Will Owensboro lead the way on clean energy in Kentucky?
As Owensboro Municipal Utilities is debating a replacement for the Elmer Smith coal-fired power plant, many people view renewable, clean energy as unreasonable for a small city like Owensboro. However, that belief is not only misguided, it is unequivocally false. How can I say that? Well, because other cities just like Owensboro are doing it.
Greensburg, Kansas, became powered 100 percent by renewable, clean energy in 2013 when it decided to rebuild after a devastating tornado. Greensburg utilizes wind, solar, and geothermal technologies. In fact, the town has more energy than it needs, allowing it to sell the excess. Here’s a fact that might get OMU’s attention: Greensburg now saves $200,000 annually in energy costs.
Rock Port, Missouri, the small farm town that became the first in the United States to be powered entirely by wind energy in 2008, has an abundance of electricity thanks to four large wind turbines.
Kodiak Island in southern Alaska has been almost entirely powered by wind and hydro power since 2014. Burlington, Vermont, achieved 100 percent renewable electricity in 2014, and it is estimated to save $20 million over the next two decades. Aspen, Colorado, met its 100 percent renewable energy target in 2015, using primarily wind and hydropower. The list goes on.
Owensboro is at a unique cross roads. We can follow the lead of other cities and blaze the path for a clean-energy Kentucky, or we can revert to dirty energy sources that threaten our health, economy and environment.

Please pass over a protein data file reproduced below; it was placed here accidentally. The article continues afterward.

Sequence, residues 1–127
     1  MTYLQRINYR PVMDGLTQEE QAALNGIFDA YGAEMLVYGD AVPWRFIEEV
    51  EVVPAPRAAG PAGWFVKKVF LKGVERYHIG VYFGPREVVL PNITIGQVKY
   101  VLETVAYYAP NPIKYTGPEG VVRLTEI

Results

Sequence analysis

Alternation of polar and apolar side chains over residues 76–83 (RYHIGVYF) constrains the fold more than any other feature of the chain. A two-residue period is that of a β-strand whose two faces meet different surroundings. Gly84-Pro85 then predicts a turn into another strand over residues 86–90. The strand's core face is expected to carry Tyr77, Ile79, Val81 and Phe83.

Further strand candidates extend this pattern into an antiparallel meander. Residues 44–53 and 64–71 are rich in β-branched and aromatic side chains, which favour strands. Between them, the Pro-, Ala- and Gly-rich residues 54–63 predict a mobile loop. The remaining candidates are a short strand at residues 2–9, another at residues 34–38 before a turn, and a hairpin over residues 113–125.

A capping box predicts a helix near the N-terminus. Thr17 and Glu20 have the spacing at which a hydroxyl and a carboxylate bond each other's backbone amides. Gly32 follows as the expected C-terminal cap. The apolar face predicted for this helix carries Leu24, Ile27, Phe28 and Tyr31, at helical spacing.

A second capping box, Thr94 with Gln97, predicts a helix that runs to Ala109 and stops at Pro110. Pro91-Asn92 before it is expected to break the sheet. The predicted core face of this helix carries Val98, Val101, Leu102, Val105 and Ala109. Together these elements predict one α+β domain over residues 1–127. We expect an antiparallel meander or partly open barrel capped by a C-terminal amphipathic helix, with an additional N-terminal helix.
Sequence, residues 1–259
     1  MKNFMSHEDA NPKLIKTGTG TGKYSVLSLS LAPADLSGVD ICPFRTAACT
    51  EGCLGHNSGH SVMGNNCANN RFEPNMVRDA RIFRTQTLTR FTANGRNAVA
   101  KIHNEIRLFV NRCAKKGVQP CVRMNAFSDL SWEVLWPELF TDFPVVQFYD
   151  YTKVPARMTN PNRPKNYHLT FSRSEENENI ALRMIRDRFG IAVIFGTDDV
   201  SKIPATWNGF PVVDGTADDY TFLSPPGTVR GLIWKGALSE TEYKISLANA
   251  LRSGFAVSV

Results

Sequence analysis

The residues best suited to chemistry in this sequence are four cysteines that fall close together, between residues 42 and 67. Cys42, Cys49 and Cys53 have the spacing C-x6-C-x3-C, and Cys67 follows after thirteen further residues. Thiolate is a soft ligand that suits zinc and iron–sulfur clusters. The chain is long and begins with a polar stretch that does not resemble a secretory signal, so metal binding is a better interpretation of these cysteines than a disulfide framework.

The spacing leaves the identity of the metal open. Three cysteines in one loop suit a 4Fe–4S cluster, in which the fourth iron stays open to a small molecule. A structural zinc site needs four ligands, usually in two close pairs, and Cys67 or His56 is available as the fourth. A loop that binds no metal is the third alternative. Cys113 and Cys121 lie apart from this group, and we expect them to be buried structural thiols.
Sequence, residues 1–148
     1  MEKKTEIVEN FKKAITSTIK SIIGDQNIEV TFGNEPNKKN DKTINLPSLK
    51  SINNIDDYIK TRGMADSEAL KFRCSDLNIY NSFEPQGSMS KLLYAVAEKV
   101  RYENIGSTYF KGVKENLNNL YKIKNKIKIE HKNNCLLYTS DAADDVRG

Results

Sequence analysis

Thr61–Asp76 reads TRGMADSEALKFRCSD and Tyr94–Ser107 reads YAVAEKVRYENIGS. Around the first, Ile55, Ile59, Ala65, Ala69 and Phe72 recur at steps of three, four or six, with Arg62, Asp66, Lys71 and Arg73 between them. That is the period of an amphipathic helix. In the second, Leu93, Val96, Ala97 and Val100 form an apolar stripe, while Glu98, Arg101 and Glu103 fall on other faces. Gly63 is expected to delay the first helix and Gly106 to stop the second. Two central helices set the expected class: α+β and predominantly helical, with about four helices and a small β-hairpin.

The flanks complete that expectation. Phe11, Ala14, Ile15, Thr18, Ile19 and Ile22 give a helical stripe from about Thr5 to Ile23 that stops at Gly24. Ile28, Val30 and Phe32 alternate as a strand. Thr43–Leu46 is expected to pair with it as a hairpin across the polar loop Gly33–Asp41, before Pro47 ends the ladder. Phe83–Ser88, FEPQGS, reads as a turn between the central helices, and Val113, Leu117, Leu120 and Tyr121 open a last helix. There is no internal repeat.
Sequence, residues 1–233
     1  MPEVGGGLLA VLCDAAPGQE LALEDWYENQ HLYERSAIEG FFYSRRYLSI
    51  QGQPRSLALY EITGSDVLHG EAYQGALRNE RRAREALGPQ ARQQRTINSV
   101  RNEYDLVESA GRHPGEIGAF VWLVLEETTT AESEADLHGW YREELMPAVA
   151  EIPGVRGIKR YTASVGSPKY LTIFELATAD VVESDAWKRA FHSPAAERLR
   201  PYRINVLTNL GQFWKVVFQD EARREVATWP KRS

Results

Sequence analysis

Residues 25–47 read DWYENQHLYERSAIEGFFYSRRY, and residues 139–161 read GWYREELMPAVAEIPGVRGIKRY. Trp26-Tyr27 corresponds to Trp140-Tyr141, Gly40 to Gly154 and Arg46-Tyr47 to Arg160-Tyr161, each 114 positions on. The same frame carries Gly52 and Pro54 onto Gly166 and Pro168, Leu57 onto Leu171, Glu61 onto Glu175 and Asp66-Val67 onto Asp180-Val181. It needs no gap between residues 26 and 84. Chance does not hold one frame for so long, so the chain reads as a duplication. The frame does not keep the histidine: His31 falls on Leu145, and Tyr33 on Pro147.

Too much religion in Nature Notes column
As a secularist, I find it concerning to note the increasingly religious slant of the Nature Notes column of the weekly Community section of the M-I. As I recall, when the Fords authored this column, seldom, if ever, did I encounter such consistent efforts at creationist proselytism as have lately become manifest under Deborah Branch’s authorship.
In her Jan. 10 column, “Simply enjoy man, Earth, universe and nature,” I was initially encouraged by her acknowledgment that this planet is an approximately 4.54 billion-year-old member of a 13.7 billion-year-old universe, an implicit refutation of the ridiculous claims by some religious fundamentalist cultists of Earth’s being a mere 5,000 years old.
I began to see where the column was going, however, when I read in subsequent paragraphs that “Creation was outside of the natural realm … a supernatural event ...” “… With the creation of man and earth, it didn’t just happen, there was an origin and a specific design. Humankind was to be unique and not robotic. Humans were created to have emotions and thoughts …” “… The animal world … exhibits that there was thought given to the creation of the earth and the universe.” “… even ancient civilizations knew there was a creator …” “… Know that there is a far greater power that existed before anything was created.” This begs the question: Who (or what) created the creator?
If Ms. Branch persists in insinuating her personal religious dogma into her Nature Notes columns, perhaps they would be more appropriately included in the Saturday Religion & Values section.